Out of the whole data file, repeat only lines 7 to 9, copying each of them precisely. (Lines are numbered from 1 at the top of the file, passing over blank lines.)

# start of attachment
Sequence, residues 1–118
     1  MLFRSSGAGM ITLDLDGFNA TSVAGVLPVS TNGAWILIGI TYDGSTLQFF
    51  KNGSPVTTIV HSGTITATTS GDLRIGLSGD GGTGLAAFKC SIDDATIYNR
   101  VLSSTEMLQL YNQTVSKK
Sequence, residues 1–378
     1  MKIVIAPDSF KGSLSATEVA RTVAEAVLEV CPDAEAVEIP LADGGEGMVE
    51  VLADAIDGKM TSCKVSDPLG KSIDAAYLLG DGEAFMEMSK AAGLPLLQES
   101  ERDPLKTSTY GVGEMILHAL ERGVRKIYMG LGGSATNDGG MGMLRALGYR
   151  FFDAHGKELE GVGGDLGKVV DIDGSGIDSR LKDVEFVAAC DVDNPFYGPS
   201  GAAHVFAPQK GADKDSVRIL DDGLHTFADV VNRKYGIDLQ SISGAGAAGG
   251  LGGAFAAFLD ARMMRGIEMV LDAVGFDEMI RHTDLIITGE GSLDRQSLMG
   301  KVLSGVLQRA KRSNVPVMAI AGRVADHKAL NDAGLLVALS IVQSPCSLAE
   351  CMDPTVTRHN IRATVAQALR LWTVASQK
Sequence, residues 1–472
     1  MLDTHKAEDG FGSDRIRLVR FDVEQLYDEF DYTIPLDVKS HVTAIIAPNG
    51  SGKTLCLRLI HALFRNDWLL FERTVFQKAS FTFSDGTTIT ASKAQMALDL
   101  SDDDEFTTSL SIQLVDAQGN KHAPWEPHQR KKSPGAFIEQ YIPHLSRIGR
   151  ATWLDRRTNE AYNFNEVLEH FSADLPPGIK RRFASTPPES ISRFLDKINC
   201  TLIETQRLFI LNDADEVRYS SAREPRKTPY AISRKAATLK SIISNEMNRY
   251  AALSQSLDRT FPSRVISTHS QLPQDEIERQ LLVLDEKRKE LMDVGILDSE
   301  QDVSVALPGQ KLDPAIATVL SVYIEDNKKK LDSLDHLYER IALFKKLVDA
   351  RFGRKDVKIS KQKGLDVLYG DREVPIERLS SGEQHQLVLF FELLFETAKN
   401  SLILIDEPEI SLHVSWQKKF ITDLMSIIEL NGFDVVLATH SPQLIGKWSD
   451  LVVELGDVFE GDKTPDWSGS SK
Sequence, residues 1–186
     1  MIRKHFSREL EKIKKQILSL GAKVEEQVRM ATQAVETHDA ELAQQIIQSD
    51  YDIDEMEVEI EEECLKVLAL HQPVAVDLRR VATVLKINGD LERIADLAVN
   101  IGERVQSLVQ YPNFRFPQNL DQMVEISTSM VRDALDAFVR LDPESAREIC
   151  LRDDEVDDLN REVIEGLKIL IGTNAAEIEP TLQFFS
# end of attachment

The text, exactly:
    51  VLADAIDGKM TSCKVSDPLG KSIDAAYLLG DGEAFMEMSK AAGLPLLQES
   101  ERDPLKTSTY GVGEMILHAL ERGVRKIYMG LGGSATNDGG MGMLRALGYR
   151  FFDAHGKELE GVGGDLGKVV DIDGSGIDSR LKDVEFVAAC DVDNPFYGPS